An epic battle between the forces of good & evil (apparently)

Thousands of children hold placards and chant slogans after they walked out of school in protest against government inaction on climate change in Sydney in Australia on November 30, 2018. Photo: Reuters

By Temporal Tui

While most agree students have a right to be heard and have a genuine interest in the issue, many question the need for the protest to be during school hours.  The response from the student organisers of the strikes has been to claim that climate change is more important than their education and skipping school will demonstrate the seriousness of the situation. And of course it will be a “learning experience”.

Teachers and principals seem to be divided on the case with some supporting the student organised movement as it is “doing good” and others perhaps realising that condoning absenteeism might lead to more reasons for, and cases of, absenteeism.

 Predictably the political reaction has been divided along party lines with National in mild opposition: quote.

I think the reality is yeah its a serious issue but I certainly wouldn’t want to say anything that would encourage students to be taking time out of their schooling.

Simon Bridges

We support them to have their say, ideally it would be out side school and obviously concerned we have got the Ministers of change out their encouraging people to not go to school.

Nationals Education Spokesperson Nikki Kaye end quote.

Judith Collins went perhaps a little further saying

Their little protest is not going to help the world one bit. end quote.

The Greens in contrast gave loud and enthusiast support. quote.

What is education for, if not to engage citizens and young people in saving our planet and demanding action from Politicians we’re proud to support their own initiatives and calling us to account.

Green Party co-leader Marama Davidson end quote.

James Shaw as Climate Change Minister wrote a frankly nauseating opinion piece in Stuff comparing the students to those who opposed apartheid and protested for gay rights. He described them as fighting for the future, the planet and their lives and he finished with quote.

That’s why I, as your Green Party minister in this Government, will make sure we bring the Zero Carbon Bill into law. end quote.

No political or ideological bias there then.

The Media have been overwhelmingly in favour of the proposed strike publishing opinion piece after opinion piece praising the kids for recognising the seriousness of climate change. David Slack likened it to the biblical flood and fire and plague. The opinion pieces roundly denounced schools and ‘the system’ for not supporting their efforts and made the subtle and not so subtle implications that anyone who did not support them must be a climate change “denier”.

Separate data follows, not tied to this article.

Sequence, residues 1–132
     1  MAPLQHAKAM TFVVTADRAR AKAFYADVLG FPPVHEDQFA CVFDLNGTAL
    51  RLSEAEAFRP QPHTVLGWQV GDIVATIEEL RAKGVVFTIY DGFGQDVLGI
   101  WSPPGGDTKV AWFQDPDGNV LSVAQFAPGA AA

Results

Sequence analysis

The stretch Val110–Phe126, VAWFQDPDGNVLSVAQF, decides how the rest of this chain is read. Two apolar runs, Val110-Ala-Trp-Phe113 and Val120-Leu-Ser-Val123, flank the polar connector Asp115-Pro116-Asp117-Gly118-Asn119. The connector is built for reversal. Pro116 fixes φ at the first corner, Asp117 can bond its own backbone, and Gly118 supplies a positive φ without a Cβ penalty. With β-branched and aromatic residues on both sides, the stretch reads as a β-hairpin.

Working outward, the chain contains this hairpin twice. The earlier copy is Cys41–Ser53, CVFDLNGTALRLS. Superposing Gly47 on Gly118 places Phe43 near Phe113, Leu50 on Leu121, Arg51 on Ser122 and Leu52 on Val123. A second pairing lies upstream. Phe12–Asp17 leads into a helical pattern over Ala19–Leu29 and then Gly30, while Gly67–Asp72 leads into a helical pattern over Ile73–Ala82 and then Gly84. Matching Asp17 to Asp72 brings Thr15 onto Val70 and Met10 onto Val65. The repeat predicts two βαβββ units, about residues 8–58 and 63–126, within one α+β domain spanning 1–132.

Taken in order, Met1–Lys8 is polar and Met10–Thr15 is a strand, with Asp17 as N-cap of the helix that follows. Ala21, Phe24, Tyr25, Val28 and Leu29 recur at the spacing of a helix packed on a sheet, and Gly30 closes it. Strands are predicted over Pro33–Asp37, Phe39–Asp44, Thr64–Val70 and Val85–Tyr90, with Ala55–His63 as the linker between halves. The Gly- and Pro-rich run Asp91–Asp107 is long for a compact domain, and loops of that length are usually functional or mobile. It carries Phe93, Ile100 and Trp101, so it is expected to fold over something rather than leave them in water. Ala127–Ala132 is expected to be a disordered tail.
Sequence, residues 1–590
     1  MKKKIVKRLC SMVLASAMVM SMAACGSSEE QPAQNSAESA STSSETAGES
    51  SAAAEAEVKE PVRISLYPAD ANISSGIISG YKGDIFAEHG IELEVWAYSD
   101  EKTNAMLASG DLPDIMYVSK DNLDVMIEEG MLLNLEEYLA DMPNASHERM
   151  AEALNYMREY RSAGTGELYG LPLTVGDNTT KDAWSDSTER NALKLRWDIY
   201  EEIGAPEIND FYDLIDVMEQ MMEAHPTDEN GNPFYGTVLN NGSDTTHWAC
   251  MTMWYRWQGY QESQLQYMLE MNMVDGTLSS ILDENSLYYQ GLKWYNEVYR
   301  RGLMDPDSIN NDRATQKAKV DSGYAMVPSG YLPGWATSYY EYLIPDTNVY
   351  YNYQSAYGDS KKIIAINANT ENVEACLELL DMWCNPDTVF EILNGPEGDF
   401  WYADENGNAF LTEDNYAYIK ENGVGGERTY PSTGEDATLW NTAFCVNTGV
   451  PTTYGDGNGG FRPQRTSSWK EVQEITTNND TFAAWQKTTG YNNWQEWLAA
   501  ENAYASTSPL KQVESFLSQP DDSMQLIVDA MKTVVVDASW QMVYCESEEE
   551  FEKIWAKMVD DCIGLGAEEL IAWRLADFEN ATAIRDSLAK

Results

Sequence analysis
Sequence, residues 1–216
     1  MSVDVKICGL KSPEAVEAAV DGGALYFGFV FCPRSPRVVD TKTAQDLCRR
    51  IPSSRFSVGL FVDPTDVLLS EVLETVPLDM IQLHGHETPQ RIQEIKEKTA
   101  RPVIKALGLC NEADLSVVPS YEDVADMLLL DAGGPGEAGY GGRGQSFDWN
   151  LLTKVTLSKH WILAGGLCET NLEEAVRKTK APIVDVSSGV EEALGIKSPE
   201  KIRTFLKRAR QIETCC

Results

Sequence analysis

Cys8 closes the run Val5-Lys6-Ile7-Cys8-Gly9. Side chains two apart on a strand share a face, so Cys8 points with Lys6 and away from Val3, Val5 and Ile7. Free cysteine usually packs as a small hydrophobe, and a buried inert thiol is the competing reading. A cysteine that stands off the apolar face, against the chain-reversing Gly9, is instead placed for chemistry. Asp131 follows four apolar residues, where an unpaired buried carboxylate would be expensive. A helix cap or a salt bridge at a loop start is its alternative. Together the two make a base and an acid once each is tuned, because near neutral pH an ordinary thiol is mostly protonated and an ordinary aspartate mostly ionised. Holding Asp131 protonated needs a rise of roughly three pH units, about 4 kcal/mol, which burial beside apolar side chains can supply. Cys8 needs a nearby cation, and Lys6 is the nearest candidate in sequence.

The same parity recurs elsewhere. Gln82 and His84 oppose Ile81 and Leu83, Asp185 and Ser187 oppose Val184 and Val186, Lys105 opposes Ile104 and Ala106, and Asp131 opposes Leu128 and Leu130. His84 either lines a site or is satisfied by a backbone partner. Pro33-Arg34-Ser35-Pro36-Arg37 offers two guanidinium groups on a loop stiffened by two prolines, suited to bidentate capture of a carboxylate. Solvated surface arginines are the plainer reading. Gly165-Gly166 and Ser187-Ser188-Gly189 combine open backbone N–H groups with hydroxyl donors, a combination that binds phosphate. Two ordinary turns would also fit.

The idea that attention needs to be drawn to the issue of climate change is itself rather ludicrous. It has been one of the most investigated, discussed and covered issues of the last 30+ years. Currently climate change stories feature prominently on all major news networks. Stuff has a section devoted to the topic. Our government has set dealing with climate change as one of its main priorities and seems quite happy to throw money at any likely program or organisation that will help. If you don’t know any of this I can only assume you have been living under a rock somewhere.

To children at the ripe old age of 12 to 18, it may seem like a new and crucial issue that is being ignored, but this is not really true. For example, the damage done to the earth’s ozone layer is slowly reversing with the banning of chlorofluorocarbons, and need I mention the main-streaming of electric vehicles? Now I’ll happily admit that I’m not an expert on climate change or the science behind it. I doubt that any of these striking students are either. It’s a complicated and difficult problem arising out of a chaotic system that defies easy predictions. The solutions to it will probably be equally complicated and messily practical and they will take time.

There seems to be no good reason why the issue of climate change is so ideologically charged when disagreements are less about denial and mostly about the costs and benefits of various solutions. But currently, every issue is ideologically charged. Presented by activists, media or politicians as an epic battle between the forces of good and evil to save the world.

I exaggerate, but not by much. So it is hardly surprising that our children have learnt to view issues in this way. It is also not surprising (but rather quite depressing), that they believe the best way to deal with issues is to protest loudly, declare their moral righteousness and demand that the government fix the problem.

I wonder how many of these student leaders are planning on a career in environmentalism or climate science or just plan old biology or agriculture? Will they be inventing ways to improve recycling techniques or reduce methane emissions? Somehow I doubt it.

The demands of SchoolStrike4ClimateNZ come across as just a little bit ideological, somewhat entitled and very idealistic. I have just as much interest in the state of the world in 15 years as a teenager does thank you very much. I do plan on still being here!

It reads in other words as though it was written by … well… children……..